3 Ways “Cultural Fragmentation” Helps Rural Business

by Joanne Steele on January 25, 2011

The Internet Is Not a Giant BillboardYesterday National Public Radio’s evening news program had a segment called “Cultural Common Ground Getting Harder To Come By.”

It was a several minute look at how particularly American culture is fracturing into a zillion little interest groups that are giving the music industry, big corporations and television heartburn.

Cultural fragmentation should have locally owned and small rural business jumping for joy!

Here’s why:

1. Our customers are grouping themselves and discovering ways to talk to each other and ignore everybody else.

If you are very clear about who your customer is, it’s easier to find them than ever before. They are grouping themselves by age, race and gender, but that’s old demographic stuff.

They’re also now able to group themselves according to common interests, common concerns, and common desires. That’s the level we rural business owners are able to work at, because we interact so intimately and personally with our customers.

ACTION: Take a moment and write down some interests, concerns and desires you’ve learned recently about ONE of your customers.

Take another actual customer and note what interests, concerns and desires the two customers have in common. Take another and another. Add some demographic information, because that matters too, and you have a profile of your Perfect Customer.

2. Our self-selected groups of customers are talking to each other on free, easily accessible social media channels on the internet.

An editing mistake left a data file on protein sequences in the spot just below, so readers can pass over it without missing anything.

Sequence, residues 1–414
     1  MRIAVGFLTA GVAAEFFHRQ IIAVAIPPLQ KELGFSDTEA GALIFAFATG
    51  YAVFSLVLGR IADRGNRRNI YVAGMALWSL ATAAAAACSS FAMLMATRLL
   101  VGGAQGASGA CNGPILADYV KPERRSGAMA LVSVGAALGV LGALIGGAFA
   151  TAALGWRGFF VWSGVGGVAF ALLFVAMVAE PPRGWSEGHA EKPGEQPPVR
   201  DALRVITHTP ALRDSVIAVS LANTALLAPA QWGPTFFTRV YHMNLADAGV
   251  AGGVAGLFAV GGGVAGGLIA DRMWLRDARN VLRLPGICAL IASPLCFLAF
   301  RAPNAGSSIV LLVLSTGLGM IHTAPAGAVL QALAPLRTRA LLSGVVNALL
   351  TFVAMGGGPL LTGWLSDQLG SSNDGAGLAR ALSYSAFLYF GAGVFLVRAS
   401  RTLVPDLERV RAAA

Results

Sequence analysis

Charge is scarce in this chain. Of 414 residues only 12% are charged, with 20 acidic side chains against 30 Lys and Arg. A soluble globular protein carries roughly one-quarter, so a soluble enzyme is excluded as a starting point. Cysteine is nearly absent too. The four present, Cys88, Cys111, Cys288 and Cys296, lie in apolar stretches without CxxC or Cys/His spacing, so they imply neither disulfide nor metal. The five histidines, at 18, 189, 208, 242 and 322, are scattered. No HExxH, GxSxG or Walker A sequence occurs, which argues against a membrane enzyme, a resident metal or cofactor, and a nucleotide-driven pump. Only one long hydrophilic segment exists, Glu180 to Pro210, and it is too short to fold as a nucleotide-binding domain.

That means they’re reachable, for free.

The first mistake rural business makes is to treat social media such as Facebook and Twitter like a print advertisement, ie, create it and forget it.

ACTION:  LISTEN. Join the social media site you think your Perfect Customer is using.

Use what you know about your Perfect Customer to search for him or her. Not a person, but some of those self-selected groups that people with common interests and concerns are creating online.

It used to be like searching for a needle in a haystack. Now, you’re looking for the whole pin cushion!

3. Small business owners like you can build a base of loyal followers who will likely become loyal customers by talking and sharing about what you know and love.

Once you’ve listened, and discovered something about where your customers are hanging out online and what they’re talking about, it’s time to share your knowledge and expertise.

Social media is not about advertising. It’s about giving information away freely, and building a loyal base of followers Those followers will become your customers.

ACTION: Use groups on Facebook or Zorpia and the discussions using hashtags on Twitter to add useful information.

Talk about what you do and love best, to people who are waiting to hear from an expert like you. Follow or friend the people you meet in these groups. Build relationships.

Then, set up your Facebook Business Page and invite everyone to “Like” you. Continue to participate in those groups as well as adding useful content with links to your website. It’s infectious once you’ve started. And, with your own business page along with the following you’ve created, the viral marketing you crave will begin to happen.

It takes time, but so does any form of quality marketing. The difference is THIS type of online marketing favors you, the little guy.

Here are some past posts with some details on these subjects:

Social Media for Rural Business: Do It Right or Don’t Do It!

Small Town Tourism Marketing: What Wild Elephants Can Teach Us

Rural Tourism Marketing Secret: Step Into the Mind Of Your Customer

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